January 20, 2019 § Leave a comment
A few weeks ago I received a copy of Black Warrior Review in the mail, and in a strange convergence of my life as a writer-reader and my day job, I noticed a nonfiction piece by Krys Malcolm Belc entitled “First Seen in Print in 1987, According to Merriam Webster.”
It’s a 13-page piece in 11 sections, with each page headed by a different word from that year, followed by a short essay obviously prompted by that word. The words tie in to an overall personal narrative, written in the second person by a transgender man to his lover.
Here’s an excerpt from the part under the heading ‘BFF’:
Where we went to school the library was always crowded, even on a Friday night. People watched me visit you at work. You’ve always loved to work the latest shift, making money while others relax. Running out the door in your scrubs while I give the kids their after-dinner baths. Saying goodbye as I say goodnight.
At the BWR website, Belc explains in a craft essay how he was inspired to write the piece, describing his birth certificate from 1987, which of course details the birth of a person he no longer is: “The world happened to me as the person on the paper, not the person I am today, for nearly thirty years.” Belc selected words that Merriam-Webster’s Time Traveler feature identified as showing their dates of first use as his birth year. The other words include beer goggles, messenger bag, degenderize, and selective serotonin reuptake inhibitor.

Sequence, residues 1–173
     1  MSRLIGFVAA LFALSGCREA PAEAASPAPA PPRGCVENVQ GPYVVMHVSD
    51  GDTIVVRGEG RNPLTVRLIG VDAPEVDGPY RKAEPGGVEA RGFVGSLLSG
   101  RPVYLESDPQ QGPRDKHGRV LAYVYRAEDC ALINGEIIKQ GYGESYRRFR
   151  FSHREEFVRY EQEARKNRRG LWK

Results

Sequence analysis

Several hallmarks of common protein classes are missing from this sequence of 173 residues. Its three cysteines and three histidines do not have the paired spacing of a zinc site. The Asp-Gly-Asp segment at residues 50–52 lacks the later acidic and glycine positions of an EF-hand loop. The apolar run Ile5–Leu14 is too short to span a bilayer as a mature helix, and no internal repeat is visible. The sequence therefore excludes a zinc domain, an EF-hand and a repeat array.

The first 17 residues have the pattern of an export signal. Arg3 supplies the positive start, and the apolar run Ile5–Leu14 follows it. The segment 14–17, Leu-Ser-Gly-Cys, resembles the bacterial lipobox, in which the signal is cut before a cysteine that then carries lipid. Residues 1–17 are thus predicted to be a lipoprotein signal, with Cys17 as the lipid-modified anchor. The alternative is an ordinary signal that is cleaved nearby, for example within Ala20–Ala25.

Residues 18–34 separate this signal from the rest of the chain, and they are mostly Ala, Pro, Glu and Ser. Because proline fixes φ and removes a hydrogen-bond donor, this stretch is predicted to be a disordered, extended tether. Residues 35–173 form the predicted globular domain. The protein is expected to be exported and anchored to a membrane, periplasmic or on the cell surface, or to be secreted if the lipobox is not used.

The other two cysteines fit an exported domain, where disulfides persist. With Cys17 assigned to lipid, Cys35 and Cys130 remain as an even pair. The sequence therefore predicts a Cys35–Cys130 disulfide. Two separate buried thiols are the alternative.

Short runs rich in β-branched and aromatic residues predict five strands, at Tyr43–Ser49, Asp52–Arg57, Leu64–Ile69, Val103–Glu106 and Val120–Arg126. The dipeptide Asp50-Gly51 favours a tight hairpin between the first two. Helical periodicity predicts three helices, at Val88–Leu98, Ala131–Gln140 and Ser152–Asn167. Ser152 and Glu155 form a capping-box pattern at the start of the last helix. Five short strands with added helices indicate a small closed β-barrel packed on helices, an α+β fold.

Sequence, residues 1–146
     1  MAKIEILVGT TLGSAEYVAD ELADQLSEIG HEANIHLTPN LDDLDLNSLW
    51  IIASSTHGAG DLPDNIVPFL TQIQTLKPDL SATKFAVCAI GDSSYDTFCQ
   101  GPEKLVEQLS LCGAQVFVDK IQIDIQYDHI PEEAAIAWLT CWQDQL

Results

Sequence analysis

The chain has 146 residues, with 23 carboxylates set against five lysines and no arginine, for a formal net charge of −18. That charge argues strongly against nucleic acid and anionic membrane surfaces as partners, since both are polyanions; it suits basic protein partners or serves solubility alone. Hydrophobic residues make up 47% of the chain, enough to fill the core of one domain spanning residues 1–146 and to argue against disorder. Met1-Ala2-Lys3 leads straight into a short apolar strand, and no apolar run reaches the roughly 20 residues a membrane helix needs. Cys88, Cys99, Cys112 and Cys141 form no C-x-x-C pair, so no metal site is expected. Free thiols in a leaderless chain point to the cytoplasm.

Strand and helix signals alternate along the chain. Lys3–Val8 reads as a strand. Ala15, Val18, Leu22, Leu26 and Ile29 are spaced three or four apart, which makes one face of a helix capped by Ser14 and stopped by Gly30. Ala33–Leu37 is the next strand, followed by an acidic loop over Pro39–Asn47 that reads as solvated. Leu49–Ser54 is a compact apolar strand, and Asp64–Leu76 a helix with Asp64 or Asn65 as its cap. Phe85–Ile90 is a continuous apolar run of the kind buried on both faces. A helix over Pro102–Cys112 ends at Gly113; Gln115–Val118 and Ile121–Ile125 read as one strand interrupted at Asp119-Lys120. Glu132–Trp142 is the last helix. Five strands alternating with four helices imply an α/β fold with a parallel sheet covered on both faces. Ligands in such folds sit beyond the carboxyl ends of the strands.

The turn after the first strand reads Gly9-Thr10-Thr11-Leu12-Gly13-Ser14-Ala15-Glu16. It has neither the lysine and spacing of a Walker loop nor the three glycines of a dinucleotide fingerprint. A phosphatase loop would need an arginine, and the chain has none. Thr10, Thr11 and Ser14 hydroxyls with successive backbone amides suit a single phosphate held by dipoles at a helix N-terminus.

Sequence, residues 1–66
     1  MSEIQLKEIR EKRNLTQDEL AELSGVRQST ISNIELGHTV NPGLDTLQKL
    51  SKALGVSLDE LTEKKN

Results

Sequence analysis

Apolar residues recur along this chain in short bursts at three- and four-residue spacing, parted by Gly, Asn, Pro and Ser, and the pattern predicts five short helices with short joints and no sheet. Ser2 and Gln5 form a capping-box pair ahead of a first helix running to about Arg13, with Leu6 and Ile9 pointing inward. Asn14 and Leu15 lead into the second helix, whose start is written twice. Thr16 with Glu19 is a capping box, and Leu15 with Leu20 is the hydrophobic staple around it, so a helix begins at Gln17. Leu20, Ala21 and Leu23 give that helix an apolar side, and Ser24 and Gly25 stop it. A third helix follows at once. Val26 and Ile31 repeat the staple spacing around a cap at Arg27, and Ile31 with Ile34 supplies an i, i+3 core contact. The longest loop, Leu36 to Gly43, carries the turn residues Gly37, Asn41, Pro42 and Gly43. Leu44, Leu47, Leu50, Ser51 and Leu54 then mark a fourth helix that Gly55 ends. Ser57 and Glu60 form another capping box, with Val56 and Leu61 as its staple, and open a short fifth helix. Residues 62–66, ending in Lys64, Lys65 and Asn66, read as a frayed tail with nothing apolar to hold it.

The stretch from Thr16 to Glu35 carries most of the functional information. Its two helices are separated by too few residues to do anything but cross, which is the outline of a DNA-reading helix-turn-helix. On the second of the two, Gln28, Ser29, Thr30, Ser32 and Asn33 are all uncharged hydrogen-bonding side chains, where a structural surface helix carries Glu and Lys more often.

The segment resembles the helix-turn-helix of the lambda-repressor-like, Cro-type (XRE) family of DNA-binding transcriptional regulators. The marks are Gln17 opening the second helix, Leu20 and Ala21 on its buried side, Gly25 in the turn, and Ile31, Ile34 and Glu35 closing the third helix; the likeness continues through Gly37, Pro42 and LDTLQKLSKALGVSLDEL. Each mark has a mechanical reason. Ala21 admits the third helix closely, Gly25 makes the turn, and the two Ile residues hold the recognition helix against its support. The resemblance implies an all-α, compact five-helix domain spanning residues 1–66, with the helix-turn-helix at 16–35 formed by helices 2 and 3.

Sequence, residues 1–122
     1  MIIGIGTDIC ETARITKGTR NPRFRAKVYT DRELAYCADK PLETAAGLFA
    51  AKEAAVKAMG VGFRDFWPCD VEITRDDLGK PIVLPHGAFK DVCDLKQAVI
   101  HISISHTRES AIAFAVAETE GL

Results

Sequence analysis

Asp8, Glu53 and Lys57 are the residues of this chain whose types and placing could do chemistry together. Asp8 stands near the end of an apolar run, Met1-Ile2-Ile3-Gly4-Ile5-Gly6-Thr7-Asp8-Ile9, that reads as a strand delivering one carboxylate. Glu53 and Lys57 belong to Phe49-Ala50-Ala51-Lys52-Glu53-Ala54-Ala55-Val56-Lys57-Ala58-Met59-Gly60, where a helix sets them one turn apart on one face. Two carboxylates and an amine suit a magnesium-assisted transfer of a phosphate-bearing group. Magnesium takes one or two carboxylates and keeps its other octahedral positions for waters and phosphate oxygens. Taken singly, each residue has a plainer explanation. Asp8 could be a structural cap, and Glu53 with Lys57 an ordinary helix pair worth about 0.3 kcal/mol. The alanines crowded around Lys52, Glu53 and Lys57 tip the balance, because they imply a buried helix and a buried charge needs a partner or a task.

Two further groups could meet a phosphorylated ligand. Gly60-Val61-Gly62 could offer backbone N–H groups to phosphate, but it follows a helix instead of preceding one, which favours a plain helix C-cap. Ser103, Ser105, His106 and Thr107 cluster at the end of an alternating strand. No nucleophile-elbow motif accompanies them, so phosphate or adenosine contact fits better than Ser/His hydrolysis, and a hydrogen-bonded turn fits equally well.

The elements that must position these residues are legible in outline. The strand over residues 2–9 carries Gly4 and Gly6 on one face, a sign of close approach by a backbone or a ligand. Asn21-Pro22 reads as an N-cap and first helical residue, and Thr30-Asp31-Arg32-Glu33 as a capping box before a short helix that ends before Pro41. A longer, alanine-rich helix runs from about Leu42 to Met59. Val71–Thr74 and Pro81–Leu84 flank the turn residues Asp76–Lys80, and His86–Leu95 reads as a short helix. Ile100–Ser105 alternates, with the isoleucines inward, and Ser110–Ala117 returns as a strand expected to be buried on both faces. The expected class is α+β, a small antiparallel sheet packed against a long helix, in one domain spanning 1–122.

Time Traveler has become very popular since we introduced it a couple years ago, and I like to think of it as a sort of fossil record for words. Scrolling through, you see trends: depression words in the 1930s, space-age words in the ’60s, words pertaining to AIDS in the ’80s, etc.
Reading his piece, I was struck by how Belc used the selected words essentially as memory triggers to chart out his own story, as he puts it, “to map myself onto my former self, and to use a form that organically allowed me to do that.”
As someone who defines words for a living and then writes creatively in my off hours, I have always thought of my relationship to words as two-sided: while some days I am trying to shape them, force them to do new things, others I must retreat and observe them candidly. But to look at a word candidly, and to tell its story candidly, requires ignoring the memories you attach to that word. I remember learning the word ‘come’ in nursery school. I remember pointing to it on the blackboard for the teacher. I remember how I learned the word ‘squalor’: not from Salinger and Esmé, but from the news article about a friend who murdered his mother and younger brother.
Belc’s stunning piece reminds us that there are words in our life stories that mark moments, words that lodge in our consciousness in a way that prevents them from ever being neutral, so they can no longer ever be “just words.”